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2018 draft prospect Jacob Schmidt-Svejstrup has taken the long road

Ryan Kennedy
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2018 draft prospect Jacob Schmidt-Svejstrup has taken the long road

Jacob Schmidt-Svejstrup (No. 8) Author: Justin K. Aller/Getty Images

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2018 draft prospect Jacob Schmidt-Svejstrup has taken the long road

Ryan Kennedy
By:

The Danish national has seen a lot of North America in his young career, but that persistence has led him and the Fargo Force to the USHL final

Jacob Schmidt-Svejstrup is on the cusp of something great in the USHL. The big left winger is the top scorer on the Fargo Force, who are currently locking horns with the Youngstown Phantoms with the Clark Cup on the line. That’s giving scouts one more chance to look at the Danish product.

 

This isn’t the first year of draft eligibility for Schmidt-Svejstrup; he’s a 1998 birthday. But after a breakout season with the Force, he’s catching the eyes of NHL teams.

 

“He’s a natural goal-scorer,” said one scout. “Goes to the right areas and I like the lanes and routes he takes. He still needs to develop physically.”

 

College should provide that opportunity for the Dane, who has a great 6-foot-2 frame to build on. He’s heading to the University of Maine next season and spending three or four years in the same place would be a nice change of pace for Schmidt-Svejstrup.

 

At 14, he was ripping the Danish under-17 circuit for 48 points in just 14 games. The next year, he decamped for North America, playing for the Selects Hockey Academy while attending the affiliated South Kent prep school in Connecticut. There, his teammates included fellow 2018 draft prospects Joel Farabee and Mathias Emilio Pettersen.

 

After two years in Connecticut, Schmidt-Svejstrup did a year with the Boston Jr. Bruins of the USPHL, followed by his first USHL campaign with the Dubuque Fighting Saints. Offense was hard to come by with the Saints and the youngster was moved down to the NAHL mid-season, where he was a point-per-gamer with the Coulee Region Chill. This year, he was back in the USHL with Fargo, where he took his game to new heights.

 

You’d think all that movement would be jarring for a kid from Europe, but Schmidt-Svejstrup always brings the right attitude.

 

“I honestly don’t really mind it,” he said. “Hockey players like hockey players, so it’s pretty easy to get along with your new teammates.”

 

Especially when you can fill the net like he can. Schmidt-Svejstrup tied for sixth in league goal-scoring this year with 26 markers, made all the more impressive by the fact he only played 40 of 60 games due to an injury and world junior duty with Denmark in Buffalo. So what was the key to his success?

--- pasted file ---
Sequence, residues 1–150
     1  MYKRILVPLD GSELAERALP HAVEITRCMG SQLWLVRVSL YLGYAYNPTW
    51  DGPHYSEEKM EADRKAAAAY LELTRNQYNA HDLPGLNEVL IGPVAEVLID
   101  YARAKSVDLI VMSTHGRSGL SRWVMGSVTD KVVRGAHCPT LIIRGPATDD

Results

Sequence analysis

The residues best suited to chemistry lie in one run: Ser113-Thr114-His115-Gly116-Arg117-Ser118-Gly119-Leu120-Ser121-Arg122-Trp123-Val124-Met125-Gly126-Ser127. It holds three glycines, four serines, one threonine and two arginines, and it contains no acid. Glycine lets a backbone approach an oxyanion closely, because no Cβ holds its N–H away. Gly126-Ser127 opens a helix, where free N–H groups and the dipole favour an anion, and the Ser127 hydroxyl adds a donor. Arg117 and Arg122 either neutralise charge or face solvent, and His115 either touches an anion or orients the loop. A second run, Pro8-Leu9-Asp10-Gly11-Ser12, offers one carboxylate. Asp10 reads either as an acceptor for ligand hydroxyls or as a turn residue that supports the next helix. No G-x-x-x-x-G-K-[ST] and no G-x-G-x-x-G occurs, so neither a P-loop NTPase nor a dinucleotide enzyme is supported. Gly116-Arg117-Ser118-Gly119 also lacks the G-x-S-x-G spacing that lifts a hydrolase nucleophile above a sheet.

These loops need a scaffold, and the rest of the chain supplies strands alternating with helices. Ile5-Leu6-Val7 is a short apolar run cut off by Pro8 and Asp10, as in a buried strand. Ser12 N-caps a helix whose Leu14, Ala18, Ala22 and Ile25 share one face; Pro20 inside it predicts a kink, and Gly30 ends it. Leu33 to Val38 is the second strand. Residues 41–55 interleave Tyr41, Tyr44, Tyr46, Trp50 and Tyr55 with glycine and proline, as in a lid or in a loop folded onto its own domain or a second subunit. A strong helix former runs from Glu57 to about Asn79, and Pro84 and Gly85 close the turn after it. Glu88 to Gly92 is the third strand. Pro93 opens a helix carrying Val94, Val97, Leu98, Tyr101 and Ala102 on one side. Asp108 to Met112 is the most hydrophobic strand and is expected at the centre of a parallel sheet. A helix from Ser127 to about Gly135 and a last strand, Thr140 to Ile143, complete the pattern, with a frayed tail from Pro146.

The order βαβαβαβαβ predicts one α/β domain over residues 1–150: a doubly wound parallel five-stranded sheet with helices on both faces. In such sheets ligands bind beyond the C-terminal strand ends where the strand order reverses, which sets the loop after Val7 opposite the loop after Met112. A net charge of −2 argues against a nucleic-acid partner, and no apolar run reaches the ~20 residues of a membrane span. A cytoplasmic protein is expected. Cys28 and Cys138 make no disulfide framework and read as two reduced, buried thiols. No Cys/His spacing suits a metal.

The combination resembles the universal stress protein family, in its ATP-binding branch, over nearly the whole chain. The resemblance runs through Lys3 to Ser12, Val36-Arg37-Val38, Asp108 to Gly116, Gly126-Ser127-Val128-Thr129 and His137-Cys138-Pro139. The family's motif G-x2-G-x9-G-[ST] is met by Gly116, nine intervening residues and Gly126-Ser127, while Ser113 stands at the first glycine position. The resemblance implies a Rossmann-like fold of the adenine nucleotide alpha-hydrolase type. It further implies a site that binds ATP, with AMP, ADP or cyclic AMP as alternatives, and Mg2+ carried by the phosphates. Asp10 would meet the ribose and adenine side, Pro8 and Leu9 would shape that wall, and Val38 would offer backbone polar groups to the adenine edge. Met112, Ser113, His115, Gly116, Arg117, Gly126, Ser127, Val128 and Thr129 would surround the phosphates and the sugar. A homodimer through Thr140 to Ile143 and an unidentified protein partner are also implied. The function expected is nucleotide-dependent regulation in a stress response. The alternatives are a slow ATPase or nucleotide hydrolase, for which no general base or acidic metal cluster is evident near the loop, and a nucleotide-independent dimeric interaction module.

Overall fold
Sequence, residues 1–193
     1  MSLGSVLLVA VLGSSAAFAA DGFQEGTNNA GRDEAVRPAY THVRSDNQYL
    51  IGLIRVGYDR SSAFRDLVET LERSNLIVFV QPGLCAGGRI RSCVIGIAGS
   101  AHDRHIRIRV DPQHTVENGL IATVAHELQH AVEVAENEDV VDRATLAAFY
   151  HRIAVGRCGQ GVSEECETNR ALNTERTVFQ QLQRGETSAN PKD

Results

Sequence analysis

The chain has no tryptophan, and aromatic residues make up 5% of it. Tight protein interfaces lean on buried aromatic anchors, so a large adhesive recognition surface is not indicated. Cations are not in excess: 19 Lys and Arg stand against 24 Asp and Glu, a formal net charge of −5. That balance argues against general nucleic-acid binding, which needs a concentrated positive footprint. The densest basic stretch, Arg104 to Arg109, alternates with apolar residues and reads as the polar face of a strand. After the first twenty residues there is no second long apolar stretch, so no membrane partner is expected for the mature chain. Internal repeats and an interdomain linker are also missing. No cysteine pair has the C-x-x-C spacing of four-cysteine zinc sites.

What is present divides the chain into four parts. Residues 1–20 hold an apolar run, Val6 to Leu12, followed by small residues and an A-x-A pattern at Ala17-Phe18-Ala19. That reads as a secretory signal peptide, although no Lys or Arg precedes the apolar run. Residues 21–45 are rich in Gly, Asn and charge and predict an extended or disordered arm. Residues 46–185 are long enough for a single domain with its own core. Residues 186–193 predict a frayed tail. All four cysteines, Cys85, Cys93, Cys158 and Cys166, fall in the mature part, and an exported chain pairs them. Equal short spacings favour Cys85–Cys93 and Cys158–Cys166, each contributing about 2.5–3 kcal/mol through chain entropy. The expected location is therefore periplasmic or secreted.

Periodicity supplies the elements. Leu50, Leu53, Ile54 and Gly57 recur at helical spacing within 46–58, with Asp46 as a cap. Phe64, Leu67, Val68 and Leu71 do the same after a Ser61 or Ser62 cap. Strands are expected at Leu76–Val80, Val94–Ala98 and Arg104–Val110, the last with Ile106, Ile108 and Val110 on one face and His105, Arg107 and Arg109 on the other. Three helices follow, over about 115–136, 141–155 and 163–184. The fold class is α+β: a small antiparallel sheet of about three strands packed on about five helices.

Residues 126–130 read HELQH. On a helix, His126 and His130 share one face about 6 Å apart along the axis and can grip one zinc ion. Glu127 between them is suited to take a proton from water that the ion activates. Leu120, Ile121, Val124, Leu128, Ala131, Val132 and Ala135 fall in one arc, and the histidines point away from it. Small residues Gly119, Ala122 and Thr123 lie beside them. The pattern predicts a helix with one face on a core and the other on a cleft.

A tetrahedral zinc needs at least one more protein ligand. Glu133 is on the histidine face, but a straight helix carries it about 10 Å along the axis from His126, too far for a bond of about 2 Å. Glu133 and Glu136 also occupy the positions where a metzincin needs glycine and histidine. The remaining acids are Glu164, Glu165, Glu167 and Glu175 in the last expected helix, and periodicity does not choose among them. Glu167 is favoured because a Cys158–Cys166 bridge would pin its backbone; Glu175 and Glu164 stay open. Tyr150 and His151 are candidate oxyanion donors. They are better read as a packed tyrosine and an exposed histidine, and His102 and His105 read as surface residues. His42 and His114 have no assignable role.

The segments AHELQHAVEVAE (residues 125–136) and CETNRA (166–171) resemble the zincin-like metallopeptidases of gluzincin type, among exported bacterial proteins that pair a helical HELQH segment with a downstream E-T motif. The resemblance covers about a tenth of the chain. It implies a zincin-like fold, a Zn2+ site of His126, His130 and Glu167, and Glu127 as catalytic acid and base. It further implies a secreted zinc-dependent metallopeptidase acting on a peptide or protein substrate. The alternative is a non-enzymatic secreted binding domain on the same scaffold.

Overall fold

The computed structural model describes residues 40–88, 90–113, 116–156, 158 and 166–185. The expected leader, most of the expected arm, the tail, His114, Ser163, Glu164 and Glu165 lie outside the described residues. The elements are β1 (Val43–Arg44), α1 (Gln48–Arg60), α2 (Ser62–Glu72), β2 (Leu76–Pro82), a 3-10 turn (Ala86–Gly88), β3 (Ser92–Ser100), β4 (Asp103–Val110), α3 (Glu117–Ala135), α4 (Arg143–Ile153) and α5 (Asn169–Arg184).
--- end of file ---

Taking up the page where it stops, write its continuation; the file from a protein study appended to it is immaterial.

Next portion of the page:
“Shooting mentality,” he said. “I’ve been shooting the puck a lot and I’m playing with guys that can put the puck on my stick, which makes it a little easier as well."

This was Schmidt-Svejstrup’s final year of world junior eligibility and he made it count with the game-winning shootout goal over Belarus that saved Denmark from possible relegation. Setting the table for next year’s team was important for him.

 

“When we were in Grand Forks for the U18s two years ago we lost in the shootout and got relegated,” he said. “That wasn’t a great feeling letting those next guys down. Obviously winning is the most fun in the world, so this was great.”

 

Back in the USHL, the good times have kept rolling in the playoffs. Schmidt-Svejstrup leads the team in scoring with 11 points in 12 games and are tied 1-1 in the final series against Youngstown. Neither the Force or Phantoms have ever won the Clark Cup, so this will be an exciting one to watch. It will also be intriguing to see what happens with Schmidt-Svejstrup in the draft. It really seems like he is a late bloomer and college will give him the time in the weight room he needs to get even better.

 

His travels in North America have been quite prodigious in the past five years and he’s not done yet. Schmidt-Svejstrup still goes back to Denmark in the summers, but his English is accent-free already, something that prompted some gentle teasing from him world junior teammates.

 

“I know,” he said with a laugh. “I’ve been over here too long.”

 

Ah, but this is just the beginning for the talented youngster.

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2018 draft prospect Jacob Schmidt-Svejstrup has taken the long road